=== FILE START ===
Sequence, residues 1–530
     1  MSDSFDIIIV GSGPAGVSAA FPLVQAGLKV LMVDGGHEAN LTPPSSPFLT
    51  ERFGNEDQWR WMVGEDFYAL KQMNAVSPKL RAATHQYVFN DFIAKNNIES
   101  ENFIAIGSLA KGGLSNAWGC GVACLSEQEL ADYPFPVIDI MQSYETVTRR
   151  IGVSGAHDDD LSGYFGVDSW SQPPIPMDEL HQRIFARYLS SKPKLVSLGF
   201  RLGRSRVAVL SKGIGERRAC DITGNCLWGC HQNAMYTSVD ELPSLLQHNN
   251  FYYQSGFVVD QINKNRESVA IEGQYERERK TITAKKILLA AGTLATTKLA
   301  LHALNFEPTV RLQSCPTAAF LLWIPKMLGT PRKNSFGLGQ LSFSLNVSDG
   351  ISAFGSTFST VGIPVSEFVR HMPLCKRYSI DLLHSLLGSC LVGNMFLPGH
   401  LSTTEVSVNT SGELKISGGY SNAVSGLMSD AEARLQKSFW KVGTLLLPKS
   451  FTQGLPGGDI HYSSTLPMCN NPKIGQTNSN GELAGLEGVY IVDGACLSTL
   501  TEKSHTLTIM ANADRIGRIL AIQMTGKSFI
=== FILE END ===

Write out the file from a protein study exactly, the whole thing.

Sequence, residues 1–530
     1  MSDSFDIIIV GSGPAGVSAA FPLVQAGLKV LMVDGGHEAN LTPPSSPFLT
    51  ERFGNEDQWR WMVGEDFYAL KQMNAVSPKL RAATHQYVFN DFIAKNNIES
   101  ENFIAIGSLA KGGLSNAWGC GVACLSEQEL ADYPFPVIDI MQSYETVTRR
   151  IGVSGAHDDD LSGYFGVDSW SQPPIPMDEL HQRIFARYLS SKPKLVSLGF
   201  RLGRSRVAVL SKGIGERRAC DITGNCLWGC HQNAMYTSVD ELPSLLQHNN
   251  FYYQSGFVVD QINKNRESVA IEGQYERERK TITAKKILLA AGTLATTKLA
   301  LHALNFEPTV RLQSCPTAAF LLWIPKMLGT PRKNSFGLGQ LSFSLNVSDG
   351  ISAFGSTFST VGIPVSEFVR HMPLCKRYSI DLLHSLLGSC LVGNMFLPGH
   401  LSTTEVSVNT SGELKISGGY SNAVSGLMSD AEARLQKSFW KVGTLLLPKS
   451  FTQGLPGGDI HYSSTLPMCN NPKIGQTNSN GELAGLEGVY IVDGACLSTL
   501  TEKSHTLTIM ANADRIGRIL AIQMTGKSFI